Secondhand smoke exposure before birth may affect lungs into adulthood

Medical News Today, 29 June 2017
Author: Catharine Paddock
“Secondhand smoke is that produced by the burning of tobacco products such as cigars, cigarettes, and pipes that can be inhaled by people nearby. Breathing in secondhand smoke is also known as passive smoking. Smoke that is exhaled by someone who is smoking is also classed as secondhand smoke. Hundreds of the 7,000 chemicals in tobacco smoke are toxic – that is, they cause some degree of harm to the body. These include 70 that can cause cancer. Adult susceptibility to lung diseases may depend on prenatal exposure to secondhand smoke.”
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Public feedback sought on tighter laws to govern tobacco use

Straits Times, 12 June 2017
Author: Linette Lai
“The Health Ministry (MOH) is asking for feedback on its proposals to raise the minimum legal age for smoking from 18 to 21, and tighten laws governing the use of imitation tobacco products such as e-cigarettes. These changes will take the form of amendments to the Tobacco (Control of Advertisements and Sale) Act, which was last modified in 2016 to introduce the ban on displaying tobacco products within sight of customers. Apart from preventing people aged 18 to 20 from buying tobacco products, the proposed changes would also make it more difficult for young people to get cigarettes from their peers.”
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Indonesia tobacco bill would open tap for ads aimed at kids, health official says

Reuters, 1 June 2017
Author: Eveline Danubrata and Stefanno Reinard
“A proposed Indonesian tobacco law will roll back regulations to discourage smoking in a country that already has one of the highest smoking rates in the world and open the floodgates to advertising aimed at teenagers, a health ministry official said. If the bill initiated by the parliament is passed, companies will no longer have to put grim pictures on cigarette packs of lung cancer or other diseases linked to smoking. School and playground areas would be designated as “no- cigarette-smoke zones” instead of “no-cigarette zones”, which would allow cigarettes to be sold or displayed there.”
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Duterte Orders Strict Smoking Ban in Philippines, and Asks Citizens to Help

NYT, 18 May 2017
Author: Felipe Villamor
“President Rodrigo Duterte, who has overseen a deadly campaign to eradicate drug use in the Philippines, has now ordered a strict public ban on smoking and called on citizens to help the local authorities apprehend smokers. The executive order, signed this week and made public on Thursday, forbids the use of tobacco, including electronic cigarettes, in all public spaces, even sidewalks. It also prohibits anyone under 18 from “using, selling or buying cigarettes or tobacco products.” More than a quarter of Filipinos smoke, according to a 2015 World Health Organization report, including 11 percent of minors.”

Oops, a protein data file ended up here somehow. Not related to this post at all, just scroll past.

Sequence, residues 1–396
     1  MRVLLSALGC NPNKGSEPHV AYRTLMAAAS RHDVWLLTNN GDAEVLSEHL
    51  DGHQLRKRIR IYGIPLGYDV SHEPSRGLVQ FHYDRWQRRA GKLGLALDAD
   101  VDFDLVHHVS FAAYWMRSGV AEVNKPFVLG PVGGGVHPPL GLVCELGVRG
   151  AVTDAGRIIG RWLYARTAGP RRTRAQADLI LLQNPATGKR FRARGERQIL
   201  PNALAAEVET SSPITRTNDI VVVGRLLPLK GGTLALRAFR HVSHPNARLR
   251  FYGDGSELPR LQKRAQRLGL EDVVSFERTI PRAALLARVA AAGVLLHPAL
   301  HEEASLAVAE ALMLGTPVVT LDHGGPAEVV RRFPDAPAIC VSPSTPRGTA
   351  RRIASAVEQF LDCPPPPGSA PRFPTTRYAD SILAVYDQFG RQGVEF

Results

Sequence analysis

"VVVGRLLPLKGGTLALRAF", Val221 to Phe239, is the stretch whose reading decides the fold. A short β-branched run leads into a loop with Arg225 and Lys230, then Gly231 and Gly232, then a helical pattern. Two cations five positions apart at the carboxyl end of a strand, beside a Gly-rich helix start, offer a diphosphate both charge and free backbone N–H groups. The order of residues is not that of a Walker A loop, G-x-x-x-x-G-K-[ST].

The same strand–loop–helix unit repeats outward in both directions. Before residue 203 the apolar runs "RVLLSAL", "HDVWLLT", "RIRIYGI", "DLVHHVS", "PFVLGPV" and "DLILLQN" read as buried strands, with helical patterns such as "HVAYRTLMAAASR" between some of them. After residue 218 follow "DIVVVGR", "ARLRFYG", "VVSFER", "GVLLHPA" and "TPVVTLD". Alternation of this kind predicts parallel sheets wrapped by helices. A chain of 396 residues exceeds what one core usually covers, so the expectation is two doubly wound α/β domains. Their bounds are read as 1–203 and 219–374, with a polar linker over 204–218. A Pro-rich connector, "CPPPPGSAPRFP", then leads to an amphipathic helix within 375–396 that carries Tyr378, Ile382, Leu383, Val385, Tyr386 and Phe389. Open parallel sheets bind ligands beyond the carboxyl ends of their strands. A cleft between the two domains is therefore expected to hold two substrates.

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Cigarette packaging likely to remain plain

Lexology, 8 May 2017
Author: Griffith Hack
“It appears from leaked material that the World Trade Organisation (WTO) Dispute Settlement Body (DSB) has dismissed a challenge initiated by Ukraine, Cuba, Honduras, Indonesia and Dominican Republic against Australia’s tobacco plain packaging laws. A leaked draft of the WTO DSB’s ruling has shown that it believes Australia’s laws are a legitimate public health measure, dismissing the challenges. However, the DSB’s decision is not final.”
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Australia wins landmark WTO tobacco packaging case

Reuters, 4 May 2017
Author: Tom Miles, Martinne Geller
“A landmark Australian law on restrictive tobacco packaging has been upheld at the World Trade Organization after a five-year legal battle. Such a ruling from the WTO has been widely anticipated as giving a green light for other countries to roll out similar laws, not only on tobacco but also on alcohol and unhealthy foods. The rules, introduced in 2010, ban flashy logos and distinctive-coloured cigarette packaging in favour of drab olive packets that look more like military or prison issue, with brand names printed in small standardised fonts.”
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UK supreme court denies tobacco firms permission for plain packaging appeal

The Guardian, 12 April 2017
Author: Chris Johnston
“All cigarettes sold in the UK must have standardised packaging from next month after the supreme court refused permission to the tobacco industry to appeal against the new laws. This is the final domestic legal decision, meaning that plain packaging of cigarettes will come into force on 20 May, the Department of Health said.”
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Curbing teen smoking ‘must go beyond raising minimum age’

The Straits Times, 14 March 2017
Author: Linette Lai
“Teens below the age of 18 have been barred from smoking legally since 1993. Last week, the Ministry of Health (MOH) said it plans to raise the minimum legal smoking age from 18 to 21. In Singapore, these are the years when nearly half of smokers become regular smokers. But the data tells a different story. In 2013, the average age when smokers took their first puff was just 16, according to the National Health Surveillance Survey. Experts said the discrepancy shows that efforts to curb teen smoking must go beyond raising the minimum legal age. Issues such as raising awareness and enforcement cannot be sidelined.”
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